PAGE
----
Today’s Psalm is about remembering and retelling.  It is about remembering the times of God’s presence and activity in the past and retelling it to others.  The Israelites are very good at doing this.  It keeps reminding them over and over of both God’s love and their status as the chosen people of God.  Remembering and retelling keeps them intimately connected to God and His love.

As Christians, we also are called to remember and retell.  We are first called to tell the good news of Jesus Christ.  The Great Commission charges all believers to tell of Jesus to all nations.  In doing do we help people to connect to the Savior.  In telling the story we also remind ourselves of how Jesus saves, loves, forgives, … each of us.  This personal story is the second calling we have to remember and retell.

Each of us has our own personal faith story.  It is the story of how Jesus Christ makes a difference in our lives.  It is the story of how Jesus is better – better than any other god we can chase after, be it money or power or some other religion.  It is the story of how Jesus walks with us through the joys and the trials, lifting us up at times and carrying us at others.  It is a deeply personal story because Jesus is a deeply personal Savior.  And it is a story that others need to hear.  We remember and retell our faith story so that others can see how the good news of Jesus Christ can be good news to them as well.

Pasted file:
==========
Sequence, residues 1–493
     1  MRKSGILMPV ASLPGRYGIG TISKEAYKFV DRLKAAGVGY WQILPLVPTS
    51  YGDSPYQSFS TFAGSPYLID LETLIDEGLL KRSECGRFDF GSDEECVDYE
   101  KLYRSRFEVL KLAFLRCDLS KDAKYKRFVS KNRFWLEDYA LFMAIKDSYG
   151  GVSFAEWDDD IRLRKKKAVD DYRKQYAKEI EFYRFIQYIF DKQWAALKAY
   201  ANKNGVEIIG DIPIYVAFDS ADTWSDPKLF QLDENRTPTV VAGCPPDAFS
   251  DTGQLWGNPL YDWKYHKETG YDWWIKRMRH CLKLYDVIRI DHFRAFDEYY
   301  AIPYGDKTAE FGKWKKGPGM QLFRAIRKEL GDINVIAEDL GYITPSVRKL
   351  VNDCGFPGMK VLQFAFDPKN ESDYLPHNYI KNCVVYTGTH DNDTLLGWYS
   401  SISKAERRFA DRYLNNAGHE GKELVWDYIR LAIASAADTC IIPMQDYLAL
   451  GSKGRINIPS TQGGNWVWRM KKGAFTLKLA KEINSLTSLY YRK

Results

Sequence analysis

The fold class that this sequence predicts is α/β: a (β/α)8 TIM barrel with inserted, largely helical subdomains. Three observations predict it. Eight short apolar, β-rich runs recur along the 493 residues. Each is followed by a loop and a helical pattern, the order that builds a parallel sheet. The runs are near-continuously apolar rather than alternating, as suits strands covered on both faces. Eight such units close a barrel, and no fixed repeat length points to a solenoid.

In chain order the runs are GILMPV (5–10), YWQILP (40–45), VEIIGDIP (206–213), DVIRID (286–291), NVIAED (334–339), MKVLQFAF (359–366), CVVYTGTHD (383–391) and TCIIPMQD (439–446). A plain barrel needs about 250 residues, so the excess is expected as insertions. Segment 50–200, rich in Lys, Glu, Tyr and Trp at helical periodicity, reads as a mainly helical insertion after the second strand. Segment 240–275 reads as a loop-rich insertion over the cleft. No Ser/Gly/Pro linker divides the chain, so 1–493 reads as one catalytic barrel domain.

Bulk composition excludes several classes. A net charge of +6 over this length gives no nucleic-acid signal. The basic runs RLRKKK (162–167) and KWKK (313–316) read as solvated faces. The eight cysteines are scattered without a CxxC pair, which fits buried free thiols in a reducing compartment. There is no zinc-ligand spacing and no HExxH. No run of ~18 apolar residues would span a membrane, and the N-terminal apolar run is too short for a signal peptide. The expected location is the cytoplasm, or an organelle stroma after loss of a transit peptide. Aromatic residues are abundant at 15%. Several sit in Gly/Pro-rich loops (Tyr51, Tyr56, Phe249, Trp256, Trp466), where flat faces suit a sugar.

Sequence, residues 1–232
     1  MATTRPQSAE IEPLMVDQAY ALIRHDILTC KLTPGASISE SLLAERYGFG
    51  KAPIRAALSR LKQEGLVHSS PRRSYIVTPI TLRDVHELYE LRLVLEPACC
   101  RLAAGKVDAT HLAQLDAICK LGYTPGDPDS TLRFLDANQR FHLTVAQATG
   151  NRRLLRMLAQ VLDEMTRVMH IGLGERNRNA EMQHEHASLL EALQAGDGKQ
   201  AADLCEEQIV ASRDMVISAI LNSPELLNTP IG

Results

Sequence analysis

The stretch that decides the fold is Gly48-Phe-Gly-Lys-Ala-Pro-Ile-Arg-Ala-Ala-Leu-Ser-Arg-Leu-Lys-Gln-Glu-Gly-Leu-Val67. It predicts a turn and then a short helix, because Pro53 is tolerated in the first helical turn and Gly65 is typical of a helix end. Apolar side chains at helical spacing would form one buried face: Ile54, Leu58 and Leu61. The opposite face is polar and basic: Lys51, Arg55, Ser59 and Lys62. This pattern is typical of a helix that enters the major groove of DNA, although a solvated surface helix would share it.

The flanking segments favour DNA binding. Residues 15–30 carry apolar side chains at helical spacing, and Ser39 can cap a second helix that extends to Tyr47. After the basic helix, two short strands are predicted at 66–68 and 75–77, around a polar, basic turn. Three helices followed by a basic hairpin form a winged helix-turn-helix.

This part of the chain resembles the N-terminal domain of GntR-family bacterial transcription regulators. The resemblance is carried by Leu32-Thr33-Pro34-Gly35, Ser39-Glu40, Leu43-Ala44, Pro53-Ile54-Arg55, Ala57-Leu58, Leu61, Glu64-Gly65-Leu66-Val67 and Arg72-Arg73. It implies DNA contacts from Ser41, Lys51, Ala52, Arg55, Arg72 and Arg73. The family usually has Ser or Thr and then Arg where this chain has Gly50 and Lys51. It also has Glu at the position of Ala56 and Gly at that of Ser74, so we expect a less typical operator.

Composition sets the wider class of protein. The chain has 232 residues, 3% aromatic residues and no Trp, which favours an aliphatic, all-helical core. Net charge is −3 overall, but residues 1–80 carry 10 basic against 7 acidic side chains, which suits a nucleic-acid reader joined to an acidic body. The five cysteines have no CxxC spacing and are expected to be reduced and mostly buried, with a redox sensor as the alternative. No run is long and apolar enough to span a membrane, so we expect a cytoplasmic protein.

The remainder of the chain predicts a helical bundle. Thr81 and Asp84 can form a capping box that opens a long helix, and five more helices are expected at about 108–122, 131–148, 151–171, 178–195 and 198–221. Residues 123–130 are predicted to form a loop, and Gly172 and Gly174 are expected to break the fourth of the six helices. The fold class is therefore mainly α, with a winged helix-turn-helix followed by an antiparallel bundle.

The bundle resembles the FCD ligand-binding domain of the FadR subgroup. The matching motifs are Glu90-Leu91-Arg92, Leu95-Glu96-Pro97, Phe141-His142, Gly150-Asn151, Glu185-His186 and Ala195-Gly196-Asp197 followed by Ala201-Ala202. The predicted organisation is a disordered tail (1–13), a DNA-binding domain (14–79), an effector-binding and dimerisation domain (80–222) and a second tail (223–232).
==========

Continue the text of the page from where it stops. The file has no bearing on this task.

So what is your faith story?  Why Jesus?  Just as the Israelites pledged to “tell the next generation the praiseworthy deeds of the Lord”, we too are called to follow the same.  Jesus put it this way: “go and make disciples of all nations” (Matthew 28:19).  May we go and tell all we meet of our faith in the only one who can save.